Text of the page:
Tista' taqra bil- Malti.
Dutch MP Pieter Omtzigt, the Council of Europe’s rapporteur on the assassination of Daphne Caruana Galizia and the rule of law, has appealed to Prime Minister Robert Abela not to impose a deadline on the public inquiry looking into the inquiry.
The board – which is chaired by retired judge Michael Mallia and which also includes former Chief Justice Joseph Said Pullicino and Judge Abigail Lofaro – had asked Abela for an extension to its term, particularly in light of the Covid-19 pandemic which interrupted its work for three months. In response, Abela said that he agreed to a one-time extension of this term to 15 December.
The decision has been strongly opposed by the Caruana Galizia family, which insists that the board should have all the time it needed, and in his letter to Abela, Omtzigt pointed out that the board’s request should only be considered a mere formality.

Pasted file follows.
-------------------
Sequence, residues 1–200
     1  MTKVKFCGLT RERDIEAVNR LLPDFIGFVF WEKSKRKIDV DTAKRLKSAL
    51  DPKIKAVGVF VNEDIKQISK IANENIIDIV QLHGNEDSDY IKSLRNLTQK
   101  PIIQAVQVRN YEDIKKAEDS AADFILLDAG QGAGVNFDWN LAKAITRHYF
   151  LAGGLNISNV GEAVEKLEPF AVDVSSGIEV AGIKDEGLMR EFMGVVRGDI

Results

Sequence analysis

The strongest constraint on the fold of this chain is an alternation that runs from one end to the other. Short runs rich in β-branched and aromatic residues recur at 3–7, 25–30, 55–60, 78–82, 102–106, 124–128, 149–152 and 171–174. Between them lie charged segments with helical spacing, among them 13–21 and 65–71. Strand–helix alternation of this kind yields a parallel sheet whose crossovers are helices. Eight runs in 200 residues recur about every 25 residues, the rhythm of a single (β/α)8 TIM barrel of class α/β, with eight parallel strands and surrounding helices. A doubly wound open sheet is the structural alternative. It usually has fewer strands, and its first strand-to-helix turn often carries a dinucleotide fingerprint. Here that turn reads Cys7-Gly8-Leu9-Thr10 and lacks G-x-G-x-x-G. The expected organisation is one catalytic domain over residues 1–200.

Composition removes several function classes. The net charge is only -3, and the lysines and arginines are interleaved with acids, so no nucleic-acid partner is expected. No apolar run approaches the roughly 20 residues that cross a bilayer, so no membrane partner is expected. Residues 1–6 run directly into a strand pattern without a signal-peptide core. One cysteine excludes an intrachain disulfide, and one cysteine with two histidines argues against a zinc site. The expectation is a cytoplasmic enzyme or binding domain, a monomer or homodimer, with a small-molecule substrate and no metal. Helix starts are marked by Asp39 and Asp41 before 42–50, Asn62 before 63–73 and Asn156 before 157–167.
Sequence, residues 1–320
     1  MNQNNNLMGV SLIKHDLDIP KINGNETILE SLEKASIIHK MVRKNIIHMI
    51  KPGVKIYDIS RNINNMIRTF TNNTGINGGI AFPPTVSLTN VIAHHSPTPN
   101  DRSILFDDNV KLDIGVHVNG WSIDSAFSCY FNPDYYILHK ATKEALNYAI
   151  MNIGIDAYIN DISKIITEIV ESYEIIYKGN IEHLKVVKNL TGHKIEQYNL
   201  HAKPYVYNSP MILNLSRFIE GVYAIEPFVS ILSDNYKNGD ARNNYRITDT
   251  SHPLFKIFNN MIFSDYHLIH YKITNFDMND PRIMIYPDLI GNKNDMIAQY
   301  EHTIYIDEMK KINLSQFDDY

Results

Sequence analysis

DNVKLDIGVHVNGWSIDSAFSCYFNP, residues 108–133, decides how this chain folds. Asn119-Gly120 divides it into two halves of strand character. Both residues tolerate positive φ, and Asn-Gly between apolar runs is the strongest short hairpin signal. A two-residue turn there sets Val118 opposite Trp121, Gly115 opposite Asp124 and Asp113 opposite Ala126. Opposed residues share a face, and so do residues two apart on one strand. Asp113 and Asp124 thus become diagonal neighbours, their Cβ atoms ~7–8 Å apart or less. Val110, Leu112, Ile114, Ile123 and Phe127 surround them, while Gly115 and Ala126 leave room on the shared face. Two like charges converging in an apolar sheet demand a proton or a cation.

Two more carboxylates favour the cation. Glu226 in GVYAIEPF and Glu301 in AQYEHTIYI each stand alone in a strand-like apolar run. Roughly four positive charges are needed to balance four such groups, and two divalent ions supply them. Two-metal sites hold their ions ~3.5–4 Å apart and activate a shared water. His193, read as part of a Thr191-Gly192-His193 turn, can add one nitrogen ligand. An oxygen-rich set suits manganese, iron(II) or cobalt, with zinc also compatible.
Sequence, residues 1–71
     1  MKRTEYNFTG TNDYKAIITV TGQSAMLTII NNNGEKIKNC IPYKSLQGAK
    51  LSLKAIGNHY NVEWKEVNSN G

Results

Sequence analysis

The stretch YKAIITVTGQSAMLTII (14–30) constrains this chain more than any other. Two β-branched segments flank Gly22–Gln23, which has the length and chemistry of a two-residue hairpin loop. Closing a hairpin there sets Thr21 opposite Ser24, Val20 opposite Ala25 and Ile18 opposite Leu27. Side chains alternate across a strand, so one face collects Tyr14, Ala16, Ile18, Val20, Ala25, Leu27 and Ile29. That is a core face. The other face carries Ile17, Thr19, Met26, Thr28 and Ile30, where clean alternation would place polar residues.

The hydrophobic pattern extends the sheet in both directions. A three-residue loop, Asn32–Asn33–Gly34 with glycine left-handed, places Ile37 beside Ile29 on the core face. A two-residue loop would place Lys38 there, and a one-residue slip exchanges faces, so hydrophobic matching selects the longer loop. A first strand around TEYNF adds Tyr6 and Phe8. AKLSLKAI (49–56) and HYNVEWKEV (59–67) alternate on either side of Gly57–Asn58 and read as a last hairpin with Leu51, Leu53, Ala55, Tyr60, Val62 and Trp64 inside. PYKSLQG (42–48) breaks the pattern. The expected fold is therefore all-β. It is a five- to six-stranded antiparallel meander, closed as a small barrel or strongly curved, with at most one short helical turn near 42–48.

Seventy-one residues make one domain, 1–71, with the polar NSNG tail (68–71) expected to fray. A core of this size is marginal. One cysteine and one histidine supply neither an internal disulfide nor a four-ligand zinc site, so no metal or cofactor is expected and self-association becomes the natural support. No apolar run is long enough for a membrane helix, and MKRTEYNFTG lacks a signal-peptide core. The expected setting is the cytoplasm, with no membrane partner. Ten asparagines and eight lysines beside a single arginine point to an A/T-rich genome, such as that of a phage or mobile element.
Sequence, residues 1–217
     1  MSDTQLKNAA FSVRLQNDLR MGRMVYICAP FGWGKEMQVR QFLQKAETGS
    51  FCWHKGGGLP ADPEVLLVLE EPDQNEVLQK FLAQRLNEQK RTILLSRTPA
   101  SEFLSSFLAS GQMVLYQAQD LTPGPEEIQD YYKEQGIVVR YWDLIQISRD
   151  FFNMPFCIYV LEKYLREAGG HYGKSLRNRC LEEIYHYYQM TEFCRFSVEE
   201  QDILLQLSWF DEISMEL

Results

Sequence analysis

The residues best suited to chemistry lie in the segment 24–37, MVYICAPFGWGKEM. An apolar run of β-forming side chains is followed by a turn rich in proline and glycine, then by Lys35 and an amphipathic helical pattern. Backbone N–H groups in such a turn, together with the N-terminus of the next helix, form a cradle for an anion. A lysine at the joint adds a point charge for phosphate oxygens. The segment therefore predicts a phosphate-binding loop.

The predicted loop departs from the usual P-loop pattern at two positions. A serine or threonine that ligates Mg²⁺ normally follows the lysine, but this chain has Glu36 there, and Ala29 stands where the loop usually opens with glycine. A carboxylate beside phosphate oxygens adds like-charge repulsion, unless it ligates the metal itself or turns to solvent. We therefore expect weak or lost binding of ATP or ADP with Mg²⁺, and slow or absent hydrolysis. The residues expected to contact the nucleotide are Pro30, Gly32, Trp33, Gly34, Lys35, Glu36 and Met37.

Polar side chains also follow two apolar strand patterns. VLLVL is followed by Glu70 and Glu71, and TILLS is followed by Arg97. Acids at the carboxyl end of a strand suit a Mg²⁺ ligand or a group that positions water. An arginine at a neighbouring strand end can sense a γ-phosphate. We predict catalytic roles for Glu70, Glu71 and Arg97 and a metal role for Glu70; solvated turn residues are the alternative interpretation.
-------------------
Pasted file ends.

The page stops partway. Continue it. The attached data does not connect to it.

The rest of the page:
“Whilst this is certainly a courteous approach, it does not seem to be required either by the terms of reference, or by the Inquiries Act,” the Dutch MP maintained. He highlighted that as an independent body, it should be up to the board itself to determine how much time it needed.
Omtzigt emphasised the importance of the public inquiry, stating that it was the only legal process that was “casting public light on the circumstances surrounding the death of Ms Caruana Galizia, including the allegations of high-level corruption, misgovernment and criminal conspiracies.”
“Police investigations and magisterial inquiries into these allegations have still not produced any results, resulting in continuing impunity,” he added.
Omtzigt concluded by expressing his hope that Abela’s intent had been misunderstood, adding that he would be reassured if the PM confirmed his intention “to continue to respect the independence of the inquiry and support its activities for as long as the board of inquiry itself deems necessary.”
Similar appeals have also been made by the Daphne Caruana Galizia Foundation and by civil society NGO Repubblika.
On his part, academic and independent political candidate Arnold Cassola wrote to the President, asking him to invalidate the Prime Minister’s decision.